…A bit closer to home, former Riverside Speedway Flying Tiger champion “Rocket” Roger Brown is the latest driver to graduate to the ACT Late Model ranks, after working an unusual “equipment swap” with Vermont driver Taber Gagne. Gagne was looking to return to the Tiger wars after experiencing two sparse seasons in the LMS ranks, while Brown was in the market for a reasonably priced Late Model operation. One trade later, Brown’s Tiger car now belongs to Gagne, while Gagne’s former Rich Lowrey Late Model is parked in the Rocketman’s garage.

…Just days after announcing that they will become the latest northeast speedway to drop the Pro Stock class from their 2003 program, officials at New Hampshire's Lee USA Speedway said this week that their annual “Lee Pro Stock Nationals” will now become the “Lee Late Model Nationals.”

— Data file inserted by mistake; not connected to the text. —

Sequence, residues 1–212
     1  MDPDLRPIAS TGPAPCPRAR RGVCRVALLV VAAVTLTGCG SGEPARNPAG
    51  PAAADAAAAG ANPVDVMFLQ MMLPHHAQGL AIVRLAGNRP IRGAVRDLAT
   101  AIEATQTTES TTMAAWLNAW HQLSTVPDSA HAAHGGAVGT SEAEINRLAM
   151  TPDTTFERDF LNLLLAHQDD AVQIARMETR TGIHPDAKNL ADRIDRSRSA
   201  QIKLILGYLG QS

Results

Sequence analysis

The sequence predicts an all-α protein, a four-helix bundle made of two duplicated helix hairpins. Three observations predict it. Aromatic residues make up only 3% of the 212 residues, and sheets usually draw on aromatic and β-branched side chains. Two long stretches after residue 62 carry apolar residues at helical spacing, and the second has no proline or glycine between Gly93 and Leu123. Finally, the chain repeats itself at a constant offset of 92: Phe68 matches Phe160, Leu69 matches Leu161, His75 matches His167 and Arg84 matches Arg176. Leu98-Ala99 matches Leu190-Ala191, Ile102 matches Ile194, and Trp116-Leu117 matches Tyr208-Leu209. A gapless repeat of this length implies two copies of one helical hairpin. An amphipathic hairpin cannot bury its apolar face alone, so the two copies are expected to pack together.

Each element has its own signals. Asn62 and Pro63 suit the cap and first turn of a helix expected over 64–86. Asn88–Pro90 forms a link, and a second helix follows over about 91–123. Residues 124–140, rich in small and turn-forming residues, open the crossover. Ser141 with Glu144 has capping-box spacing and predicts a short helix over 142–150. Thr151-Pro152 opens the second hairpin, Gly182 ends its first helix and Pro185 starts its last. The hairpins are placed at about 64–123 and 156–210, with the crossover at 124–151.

In addition, track owners Red and Judy McDonald will utilize the General Motors ZZ4 “crate engine” in their Late Model class next season, following the lead of the American-Canadian Tour. Last weekend, ACT President Tom Curley spoke at the track’s annual post-season Flea Market, along with Dave McMaster of Butler and McMaster Racing engines; the exclusive builder of ACT’s spec engines. The move is the latest sign of success for an ongoing, behind-the-scenes campaign by ACT's Curley to get the region's various Late Model classes on the same sheet of paper, rule-wise.

The warming relationship between Curley and the McDonalds - who hosted two races a year on the old ACT Pro Stock Tour - has inspired speculation that Lee might be courting a spot on the 2003 ACT Dodge Tour schedule. In fact, don’t be surprised to see the new “Lee Late Model Nationals” boast an ACT sanction next season, pitting the track’s local drivers against the traveling ACT Dodge Tourists, and a few Maine invaders, as well.